New Belgium Brewing Co. (Fort Collins, Colo.) reuses much of its process water for evaporative cooling, cleaning, and landscape purposes. On-site digestion by aerobic and anaerobic bacteria to reduce the organic components in process effluent, coupled with a continuous testing program to accurately monitor the most important sources of high organic loadings within the brewery, have been important keys to the brewery’s successful process water treatment and re-use program.
Explore this issueOctober/November 2005
For every barrel of beer produced, an average of eight to 10 barrels of water is consumed. New Belgium Brewing produces one barrel of beer using about four barrels of water, thanks in part to a strong company-wide commitment to resource recovery that includes on-site process water treatment and an ambitious water reuse program.
New Belgium Brewing produced more than 320,000 barrels of beer in 2004, including the breweries flagship brew, Fat Tire Amber Ale. The company strives to meet its high objectives for environmental stewardship, minimizing resource consumption, maximizing energy consumption, and recycling.
In addition to its water reuse program, for example, electricity is generated onsite, fueled by captured methane from the brewery’s process water treatment plant. The on-site generator currently supplies enough electricity to run the brewery’s entire main building for approximately seven hours per day. This off-sets peak demand charges from the local utility grid as well as significantly off-sets a portion of the premium the brewery pays for purchasing grid-supplied wind power, a decision it made in 1999 to reduce its carbon dioxide production by approximately 1,800 metric tons a year.
New Belgium Brewing initiated on-site process water treatment in 2002 in an effort to minimize the strength and volume of water discharged to the City of Fort Collins’ wastewater collection system and, through re-use, to further reduce the amount of water required to produce each barrel of beer. The existing treatment facility (currently under expansion) has a rated capacity of 80,000 gallons/day. Average daily flows in 2004 were 58,274 gallons, and the plant’s total outlet flow for the year was about 20 million gallons.
The automated process water treatment plant, supplied by German systems provider Von Nordenskjöld, includes a three-stage anaerobic digester, an aerobic lagoon, a biofilter and an aeration pond. Anaerobic treatment is followed by aerobic post-treatment, with anaerobic digestion taking care of approximately 80 percent of chemical oxygen demand (COD) removal and aerobic digestion providing finishing treatment.
High Organic Loadings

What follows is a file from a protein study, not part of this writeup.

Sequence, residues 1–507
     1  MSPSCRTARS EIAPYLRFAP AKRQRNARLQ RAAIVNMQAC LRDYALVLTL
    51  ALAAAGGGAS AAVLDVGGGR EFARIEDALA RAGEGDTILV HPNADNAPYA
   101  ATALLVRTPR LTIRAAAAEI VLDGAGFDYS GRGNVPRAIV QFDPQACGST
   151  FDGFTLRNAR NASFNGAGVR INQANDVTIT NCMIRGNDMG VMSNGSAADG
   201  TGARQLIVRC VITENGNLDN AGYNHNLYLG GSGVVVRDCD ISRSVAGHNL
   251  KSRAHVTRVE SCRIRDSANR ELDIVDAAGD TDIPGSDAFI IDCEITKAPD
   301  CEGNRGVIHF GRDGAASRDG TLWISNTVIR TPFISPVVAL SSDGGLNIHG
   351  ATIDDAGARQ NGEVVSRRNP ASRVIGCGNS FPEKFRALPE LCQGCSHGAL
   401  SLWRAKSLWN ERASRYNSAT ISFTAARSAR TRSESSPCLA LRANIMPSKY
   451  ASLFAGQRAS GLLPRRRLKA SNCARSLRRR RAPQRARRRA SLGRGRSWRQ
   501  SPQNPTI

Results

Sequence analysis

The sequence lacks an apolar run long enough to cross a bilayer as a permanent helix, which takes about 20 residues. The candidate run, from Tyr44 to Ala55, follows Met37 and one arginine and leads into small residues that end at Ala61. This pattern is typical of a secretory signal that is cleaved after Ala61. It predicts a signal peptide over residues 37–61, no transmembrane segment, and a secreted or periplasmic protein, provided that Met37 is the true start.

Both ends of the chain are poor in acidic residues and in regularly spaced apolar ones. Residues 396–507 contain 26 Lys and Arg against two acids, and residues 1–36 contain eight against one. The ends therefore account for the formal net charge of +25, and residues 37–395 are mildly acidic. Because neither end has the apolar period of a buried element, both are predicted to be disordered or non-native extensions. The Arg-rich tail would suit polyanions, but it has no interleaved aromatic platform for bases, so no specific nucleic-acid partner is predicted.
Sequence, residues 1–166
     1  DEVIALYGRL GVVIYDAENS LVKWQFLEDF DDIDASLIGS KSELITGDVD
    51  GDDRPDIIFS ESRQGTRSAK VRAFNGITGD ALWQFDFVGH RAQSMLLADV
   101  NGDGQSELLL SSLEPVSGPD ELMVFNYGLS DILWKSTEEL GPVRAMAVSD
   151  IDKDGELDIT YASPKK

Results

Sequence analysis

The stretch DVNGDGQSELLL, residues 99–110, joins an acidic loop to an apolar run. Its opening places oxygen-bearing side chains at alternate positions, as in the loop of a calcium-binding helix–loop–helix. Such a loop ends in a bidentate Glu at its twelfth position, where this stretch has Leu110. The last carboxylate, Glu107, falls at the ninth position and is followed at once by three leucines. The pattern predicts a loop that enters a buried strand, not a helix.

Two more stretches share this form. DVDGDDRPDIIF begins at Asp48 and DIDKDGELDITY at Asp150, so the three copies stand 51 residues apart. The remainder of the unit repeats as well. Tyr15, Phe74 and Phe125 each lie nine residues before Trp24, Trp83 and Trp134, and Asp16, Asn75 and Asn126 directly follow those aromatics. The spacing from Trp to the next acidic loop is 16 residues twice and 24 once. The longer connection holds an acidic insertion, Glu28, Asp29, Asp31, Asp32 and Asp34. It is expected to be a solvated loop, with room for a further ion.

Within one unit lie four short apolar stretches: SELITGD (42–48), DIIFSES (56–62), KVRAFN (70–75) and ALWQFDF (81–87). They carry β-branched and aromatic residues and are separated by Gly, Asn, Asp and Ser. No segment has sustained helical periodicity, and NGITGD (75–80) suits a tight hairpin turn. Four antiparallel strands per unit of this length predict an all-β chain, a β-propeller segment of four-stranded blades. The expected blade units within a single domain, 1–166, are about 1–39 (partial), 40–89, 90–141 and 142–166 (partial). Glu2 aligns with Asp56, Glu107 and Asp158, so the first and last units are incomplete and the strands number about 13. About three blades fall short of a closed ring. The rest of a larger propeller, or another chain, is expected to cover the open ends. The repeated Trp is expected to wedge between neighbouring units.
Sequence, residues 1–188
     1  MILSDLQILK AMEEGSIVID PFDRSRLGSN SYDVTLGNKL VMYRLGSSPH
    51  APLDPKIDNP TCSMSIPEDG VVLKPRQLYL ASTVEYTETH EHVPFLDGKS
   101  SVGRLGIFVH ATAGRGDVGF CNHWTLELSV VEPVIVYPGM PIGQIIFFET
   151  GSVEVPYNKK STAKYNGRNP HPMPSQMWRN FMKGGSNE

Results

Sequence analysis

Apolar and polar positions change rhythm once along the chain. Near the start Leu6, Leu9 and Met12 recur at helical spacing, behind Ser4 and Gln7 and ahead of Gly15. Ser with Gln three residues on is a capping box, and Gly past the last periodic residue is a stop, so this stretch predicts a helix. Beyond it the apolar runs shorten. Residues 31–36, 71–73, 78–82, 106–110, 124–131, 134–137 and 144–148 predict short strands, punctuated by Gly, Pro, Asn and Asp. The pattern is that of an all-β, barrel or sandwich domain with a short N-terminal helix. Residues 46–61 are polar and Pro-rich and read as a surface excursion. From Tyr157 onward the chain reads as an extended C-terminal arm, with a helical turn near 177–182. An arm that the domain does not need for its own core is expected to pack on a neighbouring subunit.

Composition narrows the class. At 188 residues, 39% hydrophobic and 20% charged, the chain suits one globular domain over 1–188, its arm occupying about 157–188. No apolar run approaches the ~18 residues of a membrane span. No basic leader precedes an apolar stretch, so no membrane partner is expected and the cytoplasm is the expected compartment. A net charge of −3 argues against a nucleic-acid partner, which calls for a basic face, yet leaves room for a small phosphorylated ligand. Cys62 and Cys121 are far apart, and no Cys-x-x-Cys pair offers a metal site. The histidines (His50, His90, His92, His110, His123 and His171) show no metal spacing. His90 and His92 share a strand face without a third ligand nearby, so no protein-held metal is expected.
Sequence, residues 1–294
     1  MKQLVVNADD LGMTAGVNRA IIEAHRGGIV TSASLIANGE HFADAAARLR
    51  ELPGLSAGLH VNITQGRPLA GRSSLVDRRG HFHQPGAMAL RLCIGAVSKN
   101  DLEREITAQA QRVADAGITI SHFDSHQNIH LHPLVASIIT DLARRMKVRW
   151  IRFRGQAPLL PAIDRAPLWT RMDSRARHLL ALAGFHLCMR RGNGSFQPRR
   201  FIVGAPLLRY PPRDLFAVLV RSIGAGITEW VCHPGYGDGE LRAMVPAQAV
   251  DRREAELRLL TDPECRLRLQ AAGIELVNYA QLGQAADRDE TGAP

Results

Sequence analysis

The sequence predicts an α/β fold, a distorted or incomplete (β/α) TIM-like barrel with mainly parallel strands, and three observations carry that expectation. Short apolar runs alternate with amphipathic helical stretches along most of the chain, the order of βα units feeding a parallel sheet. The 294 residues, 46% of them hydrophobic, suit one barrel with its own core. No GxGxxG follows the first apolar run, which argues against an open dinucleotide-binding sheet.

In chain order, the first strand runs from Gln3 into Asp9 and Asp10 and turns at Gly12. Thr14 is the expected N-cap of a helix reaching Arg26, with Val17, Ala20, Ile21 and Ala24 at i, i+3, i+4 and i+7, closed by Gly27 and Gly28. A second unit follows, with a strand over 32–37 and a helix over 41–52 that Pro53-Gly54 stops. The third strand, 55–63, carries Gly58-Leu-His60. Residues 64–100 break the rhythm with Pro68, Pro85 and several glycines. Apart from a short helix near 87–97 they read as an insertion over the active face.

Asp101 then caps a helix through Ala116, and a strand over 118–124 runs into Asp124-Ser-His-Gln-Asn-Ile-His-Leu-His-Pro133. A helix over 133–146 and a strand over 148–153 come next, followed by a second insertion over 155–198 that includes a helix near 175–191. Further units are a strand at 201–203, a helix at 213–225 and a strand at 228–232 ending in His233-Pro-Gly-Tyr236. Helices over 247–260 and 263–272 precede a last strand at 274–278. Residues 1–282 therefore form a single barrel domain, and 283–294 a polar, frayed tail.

As in all breweries, most of the organic content of New Belgium’s effluent is derived from the wort extraction process, wort residues in by-products and wort and beer losses during subsequent processing. Autolyzed yeast from the fermentation process also contributes significantly to organic loadings in the process water effluent. Through anaerobic digestion, the bacteria in wort and spent yeast breaks down simple sugars and starches and convert them to methane gas.
The organic loading of the process water effluent is significantly high, due to the brewery’s low water usage ratio. Whereas a typical brewery’s process water effluent has an average biological oxygen demand (BOD) of less than 3,000 mg/L, New Belgium Brewery’s process water effluent averages 7,500 mg/L.
COD Monitoring Critical
Although high organic loadings are ideal for anaerobic digestion and the subsequent production of methane for fuel, it demands continuous water analysis to monitor the treatment process and aid in process control. The major aim of the testing is to measure COD and other parameters at scheduled intervals to provide a means to quantify waste strength variability to assist with the brewery’s aggressive process water treatment and waste minimization efforts.
Quality and quantity of process water effluent entering the on-site treatment plant can fluctuate significantly, depending upon the different processes that are taking place within the brewery. Because the five-day incubation period for BOD analysis makes this test too slow to provide timely information for process control purposes, the in-house lab runs scheduled COD analysis at all effluent outlet flumes throughout the brewery. Because COD test results can be obtained in about two hours instead of five days, it gives the brewery a more timely analysis of loadings entering and leaving the treatment plant and provides a timely indication of plant performance, thereby permitting closer process control.